Washington (CNN) - Congressional Democratic health care negotiators, working with the White House, have reached a tentative deal with labor unions on restructuring a tax on high-end insurance plans, a key proposal to pay for health care reform, according to two sources familiar with the fast-moving talks.
The "Cadillac tax" is one of the major issues dividing House and Senate Democrats, who have been in intense negotiations with Obama administration officials at the White House over the past two days. Labor union leaders were instrumental in the bargaining, attending multiple separate meetings all week at the White House and on Capitol Hill.
Labor officials are trying to protect workers currently receiving high-cost plans from their employers. Over the years, many unions have negotiated generous health benefits - sometimes in lieu of wage increases.
Under the outline currently being discussed, which the sources stressed is still fluid, the threshold for the tax on insurance plans would be raised above what passed the Senate - which was a tax on insurance plans costing $23,000 and up for families.
In addition, health care policies for state and local workers and health care policies negotiated by labor unions would not be subject to the excise tax until 2017.
The sources also say a working idea is to remove dental and vision plans from the calculation.
One of the sources familiar with negotiations said that in addition to protecting health plans negotiated under collective bargain agreements, labor leaders are pushing to expand the deal to exempt health plans for all Americans making under $200,000 a year.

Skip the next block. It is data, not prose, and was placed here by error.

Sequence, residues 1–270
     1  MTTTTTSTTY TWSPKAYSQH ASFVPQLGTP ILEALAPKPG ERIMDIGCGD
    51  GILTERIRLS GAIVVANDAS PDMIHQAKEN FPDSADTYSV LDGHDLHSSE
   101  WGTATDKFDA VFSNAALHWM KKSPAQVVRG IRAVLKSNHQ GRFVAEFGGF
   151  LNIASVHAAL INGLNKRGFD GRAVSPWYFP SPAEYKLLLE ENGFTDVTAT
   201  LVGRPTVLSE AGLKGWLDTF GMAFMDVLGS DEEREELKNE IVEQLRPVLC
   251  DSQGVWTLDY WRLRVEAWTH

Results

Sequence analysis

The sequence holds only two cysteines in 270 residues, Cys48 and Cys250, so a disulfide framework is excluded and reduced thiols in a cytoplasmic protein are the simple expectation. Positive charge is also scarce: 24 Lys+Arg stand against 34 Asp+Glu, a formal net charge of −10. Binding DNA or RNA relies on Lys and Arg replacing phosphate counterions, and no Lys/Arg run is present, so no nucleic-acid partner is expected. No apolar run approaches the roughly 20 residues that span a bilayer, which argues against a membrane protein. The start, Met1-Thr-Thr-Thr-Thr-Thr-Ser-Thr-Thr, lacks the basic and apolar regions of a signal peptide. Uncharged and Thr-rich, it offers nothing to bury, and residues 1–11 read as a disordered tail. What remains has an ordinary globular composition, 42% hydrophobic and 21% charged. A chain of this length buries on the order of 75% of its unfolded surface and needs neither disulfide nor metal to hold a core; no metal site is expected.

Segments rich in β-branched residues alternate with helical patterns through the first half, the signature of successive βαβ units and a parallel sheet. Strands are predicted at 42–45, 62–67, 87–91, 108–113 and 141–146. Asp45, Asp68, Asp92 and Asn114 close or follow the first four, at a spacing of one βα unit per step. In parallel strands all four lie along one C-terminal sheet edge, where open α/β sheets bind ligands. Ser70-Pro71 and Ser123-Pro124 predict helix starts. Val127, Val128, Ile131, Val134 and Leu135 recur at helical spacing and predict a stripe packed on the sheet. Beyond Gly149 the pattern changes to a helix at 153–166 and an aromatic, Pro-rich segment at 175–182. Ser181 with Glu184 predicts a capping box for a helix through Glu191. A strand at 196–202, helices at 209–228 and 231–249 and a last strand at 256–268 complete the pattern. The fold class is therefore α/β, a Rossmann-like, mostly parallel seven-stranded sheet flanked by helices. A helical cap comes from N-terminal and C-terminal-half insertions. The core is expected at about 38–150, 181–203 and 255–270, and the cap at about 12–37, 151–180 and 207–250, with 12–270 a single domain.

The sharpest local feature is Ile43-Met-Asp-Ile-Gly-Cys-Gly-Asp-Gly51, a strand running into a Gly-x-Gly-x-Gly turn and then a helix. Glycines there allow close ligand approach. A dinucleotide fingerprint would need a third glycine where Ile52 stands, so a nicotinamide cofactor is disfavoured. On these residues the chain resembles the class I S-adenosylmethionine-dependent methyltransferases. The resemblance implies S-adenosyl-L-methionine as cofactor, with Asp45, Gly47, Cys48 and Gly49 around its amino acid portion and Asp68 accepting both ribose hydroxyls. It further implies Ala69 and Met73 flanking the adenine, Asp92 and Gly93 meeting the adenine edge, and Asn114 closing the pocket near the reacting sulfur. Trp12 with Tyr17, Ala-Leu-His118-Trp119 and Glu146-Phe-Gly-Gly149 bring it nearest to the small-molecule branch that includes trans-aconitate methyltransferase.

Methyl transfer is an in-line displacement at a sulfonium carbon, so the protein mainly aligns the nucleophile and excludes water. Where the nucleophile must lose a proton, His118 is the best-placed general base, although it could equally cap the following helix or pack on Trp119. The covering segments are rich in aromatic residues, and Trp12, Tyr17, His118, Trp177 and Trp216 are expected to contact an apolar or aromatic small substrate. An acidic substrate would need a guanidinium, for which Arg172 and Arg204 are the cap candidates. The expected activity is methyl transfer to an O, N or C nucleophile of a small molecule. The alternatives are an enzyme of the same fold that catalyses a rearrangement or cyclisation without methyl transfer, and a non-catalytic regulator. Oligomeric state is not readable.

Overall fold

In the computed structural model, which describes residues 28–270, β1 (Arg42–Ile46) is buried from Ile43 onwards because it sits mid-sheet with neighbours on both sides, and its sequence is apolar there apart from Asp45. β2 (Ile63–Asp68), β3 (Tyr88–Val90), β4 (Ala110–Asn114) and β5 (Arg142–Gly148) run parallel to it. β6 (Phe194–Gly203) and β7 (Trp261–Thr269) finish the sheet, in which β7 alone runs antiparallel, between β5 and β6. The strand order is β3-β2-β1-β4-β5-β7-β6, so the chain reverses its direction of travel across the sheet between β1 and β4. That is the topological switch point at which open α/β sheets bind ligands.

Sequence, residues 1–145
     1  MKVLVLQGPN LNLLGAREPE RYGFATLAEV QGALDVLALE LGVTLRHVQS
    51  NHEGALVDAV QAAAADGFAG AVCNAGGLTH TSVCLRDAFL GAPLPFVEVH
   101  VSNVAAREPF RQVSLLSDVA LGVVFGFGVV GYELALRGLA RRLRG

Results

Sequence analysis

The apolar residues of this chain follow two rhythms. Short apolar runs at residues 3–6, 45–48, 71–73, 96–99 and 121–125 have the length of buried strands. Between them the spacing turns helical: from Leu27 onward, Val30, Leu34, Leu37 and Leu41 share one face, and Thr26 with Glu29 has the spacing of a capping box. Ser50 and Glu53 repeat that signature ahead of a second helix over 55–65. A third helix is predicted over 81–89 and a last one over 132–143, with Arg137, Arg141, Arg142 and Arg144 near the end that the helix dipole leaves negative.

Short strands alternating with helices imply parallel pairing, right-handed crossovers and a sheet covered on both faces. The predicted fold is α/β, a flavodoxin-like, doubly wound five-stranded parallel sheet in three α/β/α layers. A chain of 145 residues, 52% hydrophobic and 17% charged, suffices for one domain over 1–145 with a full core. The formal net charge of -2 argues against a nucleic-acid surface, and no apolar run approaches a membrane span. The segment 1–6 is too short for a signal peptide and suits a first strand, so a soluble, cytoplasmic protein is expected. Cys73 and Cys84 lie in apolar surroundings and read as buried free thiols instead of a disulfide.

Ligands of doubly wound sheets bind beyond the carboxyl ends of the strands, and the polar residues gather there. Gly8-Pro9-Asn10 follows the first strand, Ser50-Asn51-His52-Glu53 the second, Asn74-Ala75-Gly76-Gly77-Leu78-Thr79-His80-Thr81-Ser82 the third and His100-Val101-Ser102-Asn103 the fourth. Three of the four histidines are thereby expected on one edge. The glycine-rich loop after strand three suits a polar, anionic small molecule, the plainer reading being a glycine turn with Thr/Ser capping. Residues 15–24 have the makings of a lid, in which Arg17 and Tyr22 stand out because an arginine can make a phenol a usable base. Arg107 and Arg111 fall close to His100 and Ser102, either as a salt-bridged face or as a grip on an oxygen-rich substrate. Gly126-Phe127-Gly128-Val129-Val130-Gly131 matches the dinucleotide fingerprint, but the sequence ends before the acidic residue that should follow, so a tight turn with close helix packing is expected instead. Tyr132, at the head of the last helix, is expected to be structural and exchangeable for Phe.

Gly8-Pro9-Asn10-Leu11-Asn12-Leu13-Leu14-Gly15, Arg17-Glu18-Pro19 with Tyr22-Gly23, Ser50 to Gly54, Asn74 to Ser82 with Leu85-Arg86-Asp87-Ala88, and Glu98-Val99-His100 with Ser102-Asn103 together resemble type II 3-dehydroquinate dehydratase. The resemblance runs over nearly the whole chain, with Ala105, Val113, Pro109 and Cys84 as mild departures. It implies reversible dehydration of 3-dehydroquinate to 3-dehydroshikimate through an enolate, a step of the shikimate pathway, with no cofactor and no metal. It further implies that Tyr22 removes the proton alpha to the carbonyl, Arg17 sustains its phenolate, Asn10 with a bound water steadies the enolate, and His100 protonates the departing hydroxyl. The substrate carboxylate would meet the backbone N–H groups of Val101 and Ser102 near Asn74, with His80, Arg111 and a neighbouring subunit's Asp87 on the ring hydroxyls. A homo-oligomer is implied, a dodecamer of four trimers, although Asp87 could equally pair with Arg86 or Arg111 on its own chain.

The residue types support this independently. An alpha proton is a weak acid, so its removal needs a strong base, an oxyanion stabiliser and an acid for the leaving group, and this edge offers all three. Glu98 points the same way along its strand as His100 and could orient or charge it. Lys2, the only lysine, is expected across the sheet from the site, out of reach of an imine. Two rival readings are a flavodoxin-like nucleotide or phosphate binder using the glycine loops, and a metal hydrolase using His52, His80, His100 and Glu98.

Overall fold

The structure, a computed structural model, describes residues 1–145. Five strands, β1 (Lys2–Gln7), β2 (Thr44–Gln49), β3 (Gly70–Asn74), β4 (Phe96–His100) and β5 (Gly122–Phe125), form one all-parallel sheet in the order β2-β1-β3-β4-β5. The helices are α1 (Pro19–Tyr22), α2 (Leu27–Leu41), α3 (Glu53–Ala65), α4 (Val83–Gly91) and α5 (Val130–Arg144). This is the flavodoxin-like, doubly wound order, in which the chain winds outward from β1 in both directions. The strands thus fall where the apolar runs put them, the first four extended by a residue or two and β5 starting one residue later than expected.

AFL-CIO chief Richard Trumka has made looking out for all workers - not just union members - a big part of his platform.
In an effort to ensure that the tax doesn't hit more people than currently envisioned, the working outline includes a mechanism to adjust the threshold for the tax upward in 2013 to avoid an automatic expansion. This is aimed at addressing a concern of many House Democrats that the tax on insurance plans could end up like the alternative minimum tax, which was intended to target upper-income taxpayers but, because of the way it was structured, eventually hit some middle class workers.
House Majority Leader Steny Hoyer said negotiators are working to get agreement on overall health care package by the end of this week.
"That's been the goal. But it's a goal, it's not a deadline," Hoyer said.
A senior leadership aide said Democratic leaders and White House officials want to send the bulk of the package to the Congressional Budget Office soon, even as soon as the end of this week. This aide said the controversial issues of abortion and immigration likely would not be resolved by then. Because these issues have no impact on cost of the bill, details on these can be worked out harseparately.